Ask cookbook author Pat Tanumihardja about some of her favorite food memories growing up in Indonesia, and avocados will figure prominently in her response.
“Half an avocado, drizzled with palm sugar syrup,” she says with a happy sigh.
In many cultures, from Indonesia to Brazil to Sri Lanka, the avocado is treated as the fruit it actually is, sometimes topped off with a squirt of chocolate syrup or sweetened condensed milk, and, more often, incorporated into sweet drinks.
Known across Asia as “butter fruit,” the avocado has a mild flavor and creamy texture that makes it a remarkably adaptable ingredient for many recipes, including desserts. Americans are discovering that avocados can go far beyond standard chip-and-dip fare.
Avocado and coconut ice cream
Serves 6 (makes 1 quart)
Neither eggs nor dairy is required for this luscious frozen treat, which gets its creamy texture from pureed avocado and rich coconut milk. Calling it “ridiculously yummy,” Mexican American chef Pati Jinich notes that the nutty flavor is enhanced by a topping of toasted coconut flakes or nuts – and a drizzle of chocolate syrup would not be amiss.
This recipe calls for an ice cream maker, but this coconut-avocado mixture can be chilled and served as a cold mousse or packed into a container and frozen to a dense soft-serve consistency.
MAKE AHEAD: For an optimal ice cream consistency, the churned ice cream needs a few hours in the freezer before serving.
Adapted from chef and cookbook author Pati Jinich.
1 1/2 cups regular coconut milk
3/4 cup sugar
Flesh of 3 large ripe Hass avocados halved, diced (about 3 cups)
3 tablespoons fresh lime juice
1/4 cup dried shredded coconut or sweetened coconut flakes lightly toasted, for garnish (optional; may substitute toasted almonds, pine nuts or pistachios)
Combine the coconut milk and sugar in a saucepan over medium heat, stirring until the sugar dissolves. Turn off heat and let the mixture cool for a few minutes. then transfer to a blender or food processor, along with the avocado and lime juice. Puree until completely smooth.
Transfer the puree to an ice cream maker; churn according to the manufacturer’s directions. It will still be somewhat soft. Place in a separate, freezer-safe container with a tight-fitting lid and freeze for a couple hours before serving.
If using, lightly toast the coconut in a small saute pan over medium-low heat, stirring constantly to avoid scorching. The coconut toasting should take less than a minute. Once the coconut becomes fragrant and acquires a tan, remove from the heat. Sprinkle as a garnish over the ice cream.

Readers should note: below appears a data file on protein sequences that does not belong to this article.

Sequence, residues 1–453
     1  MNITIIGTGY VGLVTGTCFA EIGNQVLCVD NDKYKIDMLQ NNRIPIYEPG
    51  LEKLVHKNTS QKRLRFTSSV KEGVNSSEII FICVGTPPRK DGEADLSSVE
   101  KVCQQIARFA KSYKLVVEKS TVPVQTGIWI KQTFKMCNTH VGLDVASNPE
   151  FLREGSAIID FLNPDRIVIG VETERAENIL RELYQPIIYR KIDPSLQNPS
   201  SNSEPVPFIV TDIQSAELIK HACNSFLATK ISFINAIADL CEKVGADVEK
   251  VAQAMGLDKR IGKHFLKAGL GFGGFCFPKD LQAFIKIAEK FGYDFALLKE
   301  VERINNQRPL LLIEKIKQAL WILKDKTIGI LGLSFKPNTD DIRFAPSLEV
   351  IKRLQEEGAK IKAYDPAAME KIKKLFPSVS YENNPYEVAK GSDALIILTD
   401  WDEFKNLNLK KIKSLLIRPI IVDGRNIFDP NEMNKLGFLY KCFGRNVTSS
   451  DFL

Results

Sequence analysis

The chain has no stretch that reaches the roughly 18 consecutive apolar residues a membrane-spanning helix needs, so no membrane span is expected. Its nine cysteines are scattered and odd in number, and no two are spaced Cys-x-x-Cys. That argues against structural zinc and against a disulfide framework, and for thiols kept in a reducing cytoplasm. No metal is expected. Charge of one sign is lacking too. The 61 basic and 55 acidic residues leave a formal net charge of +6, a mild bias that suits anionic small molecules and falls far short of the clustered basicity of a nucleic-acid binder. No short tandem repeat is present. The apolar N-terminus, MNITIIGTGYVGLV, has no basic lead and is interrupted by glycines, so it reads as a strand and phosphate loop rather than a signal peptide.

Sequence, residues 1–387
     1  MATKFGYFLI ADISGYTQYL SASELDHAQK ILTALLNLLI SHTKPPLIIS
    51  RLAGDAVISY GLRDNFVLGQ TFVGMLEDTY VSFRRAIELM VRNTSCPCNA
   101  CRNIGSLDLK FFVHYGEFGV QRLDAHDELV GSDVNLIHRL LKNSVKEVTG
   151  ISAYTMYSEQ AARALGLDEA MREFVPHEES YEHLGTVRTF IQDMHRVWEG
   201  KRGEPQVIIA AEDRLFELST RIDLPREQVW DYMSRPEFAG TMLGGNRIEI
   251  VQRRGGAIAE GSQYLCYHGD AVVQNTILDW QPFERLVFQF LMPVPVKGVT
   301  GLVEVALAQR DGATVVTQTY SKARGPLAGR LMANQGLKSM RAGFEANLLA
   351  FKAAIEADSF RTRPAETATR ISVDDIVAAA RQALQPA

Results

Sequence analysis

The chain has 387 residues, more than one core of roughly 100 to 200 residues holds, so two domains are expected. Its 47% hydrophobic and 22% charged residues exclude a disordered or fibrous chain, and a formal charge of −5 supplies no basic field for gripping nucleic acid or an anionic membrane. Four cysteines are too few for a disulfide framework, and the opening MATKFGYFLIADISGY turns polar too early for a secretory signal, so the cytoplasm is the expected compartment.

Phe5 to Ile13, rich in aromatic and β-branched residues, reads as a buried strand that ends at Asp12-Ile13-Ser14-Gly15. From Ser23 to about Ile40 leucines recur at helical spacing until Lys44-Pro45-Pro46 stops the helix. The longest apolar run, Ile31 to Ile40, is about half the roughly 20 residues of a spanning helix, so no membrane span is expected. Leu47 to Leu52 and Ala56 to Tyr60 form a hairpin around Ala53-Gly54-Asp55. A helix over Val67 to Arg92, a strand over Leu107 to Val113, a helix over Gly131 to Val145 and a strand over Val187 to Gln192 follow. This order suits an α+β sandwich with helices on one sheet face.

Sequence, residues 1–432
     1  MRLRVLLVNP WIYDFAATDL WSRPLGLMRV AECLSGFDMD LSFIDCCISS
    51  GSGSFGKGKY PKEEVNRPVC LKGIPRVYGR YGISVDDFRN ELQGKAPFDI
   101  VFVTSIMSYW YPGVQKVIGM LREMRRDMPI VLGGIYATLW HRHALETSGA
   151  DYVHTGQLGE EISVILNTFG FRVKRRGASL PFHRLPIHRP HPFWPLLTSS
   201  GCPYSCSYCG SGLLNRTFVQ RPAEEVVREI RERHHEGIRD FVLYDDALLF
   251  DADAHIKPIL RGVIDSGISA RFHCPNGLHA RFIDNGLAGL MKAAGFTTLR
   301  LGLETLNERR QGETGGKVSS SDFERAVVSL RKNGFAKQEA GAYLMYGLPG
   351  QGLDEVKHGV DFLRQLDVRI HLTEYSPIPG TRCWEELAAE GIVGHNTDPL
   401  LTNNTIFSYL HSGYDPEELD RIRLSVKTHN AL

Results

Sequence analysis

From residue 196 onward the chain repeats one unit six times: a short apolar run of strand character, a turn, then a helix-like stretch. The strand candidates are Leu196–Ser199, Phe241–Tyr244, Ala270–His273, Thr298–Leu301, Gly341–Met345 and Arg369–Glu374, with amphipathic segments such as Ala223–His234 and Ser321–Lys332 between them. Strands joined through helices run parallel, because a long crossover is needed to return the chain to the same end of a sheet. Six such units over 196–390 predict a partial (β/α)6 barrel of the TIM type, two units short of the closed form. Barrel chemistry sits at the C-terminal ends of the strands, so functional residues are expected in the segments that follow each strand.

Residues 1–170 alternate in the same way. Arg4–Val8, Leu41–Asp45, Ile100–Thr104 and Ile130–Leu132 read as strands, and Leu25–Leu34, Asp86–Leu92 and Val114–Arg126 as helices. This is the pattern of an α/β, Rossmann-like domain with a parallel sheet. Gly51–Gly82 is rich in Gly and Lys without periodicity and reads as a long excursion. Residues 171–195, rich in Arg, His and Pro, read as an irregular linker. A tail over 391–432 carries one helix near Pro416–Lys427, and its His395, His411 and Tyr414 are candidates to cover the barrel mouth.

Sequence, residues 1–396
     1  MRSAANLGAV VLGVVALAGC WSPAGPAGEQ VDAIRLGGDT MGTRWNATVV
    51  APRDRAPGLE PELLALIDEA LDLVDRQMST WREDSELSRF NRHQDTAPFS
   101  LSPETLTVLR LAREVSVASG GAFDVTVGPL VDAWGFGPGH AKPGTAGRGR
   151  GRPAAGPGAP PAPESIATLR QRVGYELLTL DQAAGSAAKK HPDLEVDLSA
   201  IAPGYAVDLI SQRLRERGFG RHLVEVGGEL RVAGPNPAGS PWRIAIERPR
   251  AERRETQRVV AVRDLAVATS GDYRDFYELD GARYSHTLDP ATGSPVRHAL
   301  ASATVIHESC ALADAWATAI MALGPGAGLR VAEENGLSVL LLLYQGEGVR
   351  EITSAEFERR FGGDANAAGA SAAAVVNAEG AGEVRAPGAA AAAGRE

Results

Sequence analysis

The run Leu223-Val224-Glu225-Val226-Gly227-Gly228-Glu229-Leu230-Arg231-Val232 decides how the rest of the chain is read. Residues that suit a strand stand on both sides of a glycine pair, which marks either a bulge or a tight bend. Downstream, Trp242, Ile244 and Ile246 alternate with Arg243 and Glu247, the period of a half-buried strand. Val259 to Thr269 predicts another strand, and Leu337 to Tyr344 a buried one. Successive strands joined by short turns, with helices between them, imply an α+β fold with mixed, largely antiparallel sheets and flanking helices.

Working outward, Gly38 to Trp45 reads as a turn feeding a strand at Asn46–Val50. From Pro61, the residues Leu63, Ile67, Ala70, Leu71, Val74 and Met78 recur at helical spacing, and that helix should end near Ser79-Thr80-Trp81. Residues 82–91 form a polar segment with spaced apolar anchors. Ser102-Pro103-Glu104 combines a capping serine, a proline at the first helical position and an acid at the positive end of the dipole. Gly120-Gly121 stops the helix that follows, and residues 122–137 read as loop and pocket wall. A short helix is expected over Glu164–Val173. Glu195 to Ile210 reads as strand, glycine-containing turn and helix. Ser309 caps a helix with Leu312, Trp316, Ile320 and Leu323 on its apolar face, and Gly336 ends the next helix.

| Per serving: 320 calories, 2 g protein, 34 g carbohydrates, 22 g fat, 12 g saturated fat, 0 mg cholesterol, 20 mg sodium, 5 g dietary fiber, 25 g sugar
Iced avocado and coffee drink (es alpukat)
Singapore native Pat Tanumihardja grew up on refreshing avocado drinks like this one, which combines chunks of avocado in a coffee-laced milk sweetened with a thick simple syrup. This version is blended into a creamy vegan shake, but it can also be made with regular or low-fat milk.
The syrup is steeped with pandan leaves, which have a lightly citrusy vanilla flavor. Use the same syrup to sweeten tea and cocktails; if you have trouble finding pandan leaves, you can substitute a split vanilla bean and add a squirt of lime juice.
Make ahead: You’ll have syrup left over, which can be refrigerated in an airtight container for up to 2 months.
Pandan leaves are available at Asian markets (typically frozen).
Adapted from a recipe by Seattle food writer and cookbook author Pat Tanumihardja.
For the syrup:
2 cups sugar
1 cup water
2 pandan leaves, trimmed and tied into separate knots (see headnote)
For the drink:
Flesh of 1 large ripe avocado
1/3 cup espresso plus more for garnish
2/3 cup water (may substitute 1 cup strong brewed coffee, cooled)
2 cups almond milk (may substitute other plant-based milk)
1/2 cup ice cubes, or more as needed
Chocolate syrup, for serving
Instant espresso grounds, for serving
For the syrup: Combine the sugar, water and pandan leaves in a large saucepan over medium-high heat; once the sugar has dissolved and the liquid is bubbling, reduce the heat to medium and cook for 8 to 10 minutes, until thickened, adjusting the heat as needed. Discard the leaves, then pour the syrup into a heatproof container or bottle. The yield is about 2 1/2 cups; you’ll need 1/4 cup for this recipe.
For the drink: Combine the avocado, espresso, almond milk and pandan syrup in a blender. Add ice, cover and blend on high until smooth and frothy. Add ice and blend again, as needed, for a thicker consistency.
Divide the drink among individual glasses or cups. Drizzle with chocolate syrup, and sprinkle with ground espresso. Serve right away.
Avocado Key lime pie
Serves 6 to 8
The natural creaminess of avocado provides the perfect texture for this tart pie filling, with the added bonus that it requires no stovetop cooking.
If you can’t find Key limes, you can substitute regular limes or even use bottled Key lime juice – just don’t forget the fresh lime zest.